patients, the safety of such treatments stands and falls with our
ability to accurately predict how such therapeutic particles might
evolve once released.
Since evolution is a stochastic process, we cannot expect to ever
predict which specific mutations will accumulate in a given
lineage. However, at least in principle, we should be able to make
probabilistic predictions of the form ‘‘Outcome A is the most
likely, and has a 37% probability of occurring; outcome B is the
second most likely, and has a 24% probability of occurring.’’ It
would be tremendously useful if we could make such predictions
reliably, in particular for rapidly evolving pathogens. Therefore,
there is growing interest among evolutionary biologists to develop
predictive frameworks [30–33]. In my opinion, successful
approaches in this area will most likely involve realistic, atomlevel computational modeling of the system of interest.
With rapid increases in computational power over the last two
decades, realistic modeling of biological systems is becoming
increasingly feasible. At the molecular level, obvious applications
of realistic modeling are atom-level predictions of protein structure
[34] or protein-folding dynamics [35,36], and computational
enzyme design [37–39]. The accuracy of these computational
models, when they work, is getting quite good. For example, in
computational enzyme design, where the goal is to design
catalytically active enzymes de novo, crystal structures of
successfully designed enzymes are often very close to the
computationally predicted ones [39]. However, it is common that
only a small number of the computational designs actually work as
expected. In a recent study, 84 computationally designed enzymes
were evaluated experimentally [39]. Of those, 50 were soluble and
only two catalyzed the desired reaction.
At present, atom-level modeling of proteins is not commonly
used in applications of evolutionary biology (but see [40]).
However, it seems to me that as our modeling capability improves,
a logical next step will be to apply these models to predicting
evolution. If we can predict computationally which mutants will be
able to carry out specific functions, then we should also be able to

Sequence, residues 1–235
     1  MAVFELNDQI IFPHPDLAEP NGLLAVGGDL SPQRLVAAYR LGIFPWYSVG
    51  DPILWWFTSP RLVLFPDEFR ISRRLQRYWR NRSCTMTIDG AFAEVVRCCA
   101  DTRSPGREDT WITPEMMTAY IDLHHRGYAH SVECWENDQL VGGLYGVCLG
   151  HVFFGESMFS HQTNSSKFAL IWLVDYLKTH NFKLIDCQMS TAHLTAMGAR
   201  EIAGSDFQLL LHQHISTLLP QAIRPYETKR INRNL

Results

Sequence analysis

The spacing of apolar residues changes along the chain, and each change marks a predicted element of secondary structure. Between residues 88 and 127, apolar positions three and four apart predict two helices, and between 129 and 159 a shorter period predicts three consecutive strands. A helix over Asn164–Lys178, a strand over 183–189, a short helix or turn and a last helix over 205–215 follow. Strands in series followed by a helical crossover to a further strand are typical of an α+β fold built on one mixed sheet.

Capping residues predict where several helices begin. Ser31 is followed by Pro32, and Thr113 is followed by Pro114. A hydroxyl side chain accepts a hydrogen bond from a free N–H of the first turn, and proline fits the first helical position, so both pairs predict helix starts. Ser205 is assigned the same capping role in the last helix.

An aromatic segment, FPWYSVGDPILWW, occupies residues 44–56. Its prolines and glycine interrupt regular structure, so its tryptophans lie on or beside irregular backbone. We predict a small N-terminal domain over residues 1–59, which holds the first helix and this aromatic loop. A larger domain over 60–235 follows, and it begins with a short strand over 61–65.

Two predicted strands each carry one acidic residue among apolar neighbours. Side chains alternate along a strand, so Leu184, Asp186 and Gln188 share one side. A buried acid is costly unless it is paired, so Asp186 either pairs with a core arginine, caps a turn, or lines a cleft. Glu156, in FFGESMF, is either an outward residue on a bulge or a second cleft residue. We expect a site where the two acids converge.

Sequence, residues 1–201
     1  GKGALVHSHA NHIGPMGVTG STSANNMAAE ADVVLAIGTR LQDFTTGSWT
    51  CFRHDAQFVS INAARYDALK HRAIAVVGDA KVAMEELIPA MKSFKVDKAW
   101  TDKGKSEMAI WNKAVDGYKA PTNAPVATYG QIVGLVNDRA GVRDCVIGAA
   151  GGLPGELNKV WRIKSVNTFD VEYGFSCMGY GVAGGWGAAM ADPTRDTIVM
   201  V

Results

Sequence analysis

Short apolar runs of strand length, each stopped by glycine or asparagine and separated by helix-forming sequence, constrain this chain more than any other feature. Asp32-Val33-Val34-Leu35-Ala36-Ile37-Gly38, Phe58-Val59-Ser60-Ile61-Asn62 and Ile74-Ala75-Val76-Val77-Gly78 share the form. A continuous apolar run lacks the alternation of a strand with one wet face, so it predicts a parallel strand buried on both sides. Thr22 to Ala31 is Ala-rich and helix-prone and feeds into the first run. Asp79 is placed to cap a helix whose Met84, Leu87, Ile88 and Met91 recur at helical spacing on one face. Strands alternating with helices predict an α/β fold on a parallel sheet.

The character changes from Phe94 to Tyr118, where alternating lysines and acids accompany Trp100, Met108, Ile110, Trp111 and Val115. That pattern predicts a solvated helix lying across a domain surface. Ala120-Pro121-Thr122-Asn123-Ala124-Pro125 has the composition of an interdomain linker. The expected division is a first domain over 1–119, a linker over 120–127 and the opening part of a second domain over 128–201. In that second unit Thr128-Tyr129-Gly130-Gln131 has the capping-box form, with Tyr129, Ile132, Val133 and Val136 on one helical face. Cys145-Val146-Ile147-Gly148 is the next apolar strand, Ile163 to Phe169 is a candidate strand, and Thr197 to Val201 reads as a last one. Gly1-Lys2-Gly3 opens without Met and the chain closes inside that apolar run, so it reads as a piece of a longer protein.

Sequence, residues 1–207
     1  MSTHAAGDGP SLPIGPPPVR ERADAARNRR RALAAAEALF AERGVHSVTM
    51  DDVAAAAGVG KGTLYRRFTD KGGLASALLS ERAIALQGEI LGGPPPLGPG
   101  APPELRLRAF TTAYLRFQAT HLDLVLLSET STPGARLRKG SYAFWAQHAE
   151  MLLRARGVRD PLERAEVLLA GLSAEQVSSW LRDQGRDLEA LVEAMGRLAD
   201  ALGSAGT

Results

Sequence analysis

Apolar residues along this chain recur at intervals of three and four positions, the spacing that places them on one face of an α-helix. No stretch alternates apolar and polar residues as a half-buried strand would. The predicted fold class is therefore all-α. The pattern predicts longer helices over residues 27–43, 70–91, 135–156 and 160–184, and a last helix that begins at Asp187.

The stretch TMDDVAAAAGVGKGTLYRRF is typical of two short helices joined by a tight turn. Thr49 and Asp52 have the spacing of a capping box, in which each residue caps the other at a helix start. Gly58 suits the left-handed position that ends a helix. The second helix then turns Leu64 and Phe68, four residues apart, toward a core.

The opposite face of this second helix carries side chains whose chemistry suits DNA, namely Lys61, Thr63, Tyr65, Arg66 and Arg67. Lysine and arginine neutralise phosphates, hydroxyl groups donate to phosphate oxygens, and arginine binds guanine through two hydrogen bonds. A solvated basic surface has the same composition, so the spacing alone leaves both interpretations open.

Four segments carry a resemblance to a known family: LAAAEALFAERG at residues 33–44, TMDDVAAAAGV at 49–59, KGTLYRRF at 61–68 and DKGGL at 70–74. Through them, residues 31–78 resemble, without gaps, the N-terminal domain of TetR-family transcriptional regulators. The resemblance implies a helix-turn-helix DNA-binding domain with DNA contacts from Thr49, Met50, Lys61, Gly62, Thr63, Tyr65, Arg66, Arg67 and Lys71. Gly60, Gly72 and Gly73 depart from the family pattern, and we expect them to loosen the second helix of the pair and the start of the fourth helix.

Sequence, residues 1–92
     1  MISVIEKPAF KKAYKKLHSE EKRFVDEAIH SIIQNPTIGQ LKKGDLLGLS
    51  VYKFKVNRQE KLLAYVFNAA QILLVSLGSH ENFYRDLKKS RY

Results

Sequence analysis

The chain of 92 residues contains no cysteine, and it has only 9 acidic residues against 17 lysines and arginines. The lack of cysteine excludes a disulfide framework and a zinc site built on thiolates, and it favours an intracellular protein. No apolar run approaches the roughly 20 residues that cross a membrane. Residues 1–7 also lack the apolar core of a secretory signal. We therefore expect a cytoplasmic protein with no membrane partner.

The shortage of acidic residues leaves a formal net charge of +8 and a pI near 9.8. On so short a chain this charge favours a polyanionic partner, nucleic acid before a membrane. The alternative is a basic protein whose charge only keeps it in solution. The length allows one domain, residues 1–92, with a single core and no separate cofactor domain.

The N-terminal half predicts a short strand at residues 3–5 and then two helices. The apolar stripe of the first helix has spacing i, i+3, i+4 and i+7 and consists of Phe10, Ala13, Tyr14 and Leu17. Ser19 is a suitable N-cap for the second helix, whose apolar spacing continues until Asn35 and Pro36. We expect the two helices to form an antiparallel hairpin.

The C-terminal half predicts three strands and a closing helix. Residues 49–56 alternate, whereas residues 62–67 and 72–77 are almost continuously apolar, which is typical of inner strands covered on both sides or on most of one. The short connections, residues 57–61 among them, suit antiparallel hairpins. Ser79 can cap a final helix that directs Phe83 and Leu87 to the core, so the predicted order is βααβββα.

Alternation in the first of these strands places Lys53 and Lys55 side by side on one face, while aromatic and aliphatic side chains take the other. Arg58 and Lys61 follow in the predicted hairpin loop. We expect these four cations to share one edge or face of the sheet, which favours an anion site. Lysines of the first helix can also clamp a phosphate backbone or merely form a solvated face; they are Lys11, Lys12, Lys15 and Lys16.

predict which mutants are likely to arise under specific, welldefined selection pressures. While I cannot imagine that we will
ever be able to solve open-ended problems, such as, for example,

Identifying Fundamental Principles of Molecular
Evolution
Besides understanding and interpreting specific evolutionary
events, evolutionary biologists also aim to identify fundamental
principles of molecular evolution. Fundamental principles are
insights that apply to many different biological systems; a classical
example would be the finding that codon usage bias correlates
with gene expression level [10,11].
The search for fundamental principles tends to require
somewhat different computational approaches than the analysis
of past evolutionary events. It often involves developing toy models
(either in the form of mathematical equations or of simulations) to
explore possible system dynamics under different modeling
assumptions or parameter choices. The specific toy models to be
explored are usually inspired by observations from past evolutionary events. To give an example from my own research, starting
about 10 years ago many groups found that highly expressed
proteins evolve slowly [12]. This observation prompted several
authors to develop models of varying complexity that might
explain the pattern [13–17].
Toy models of evolution have been studied for over a century.
And much of this work has not considered the underlying
biochemistry of the evolving organism. For example, the
population-genetics literature contains plenty of abstract, mathematical models (such as two-locus, two-allele models) that make
absolutely no assumptions about the mechanisms that connect
different allelic states with different fitness values. These abstract
mathematical models are valuable, of course, yet they can get us
only so far. Most importantly, they cannot explain how,
mechanistically, genotype maps to phenotype and fitness.
As we try to get a better understanding of the genotypephenotype map, we have to build more realistic models. For
example, virtually all the models trying to explain the relationship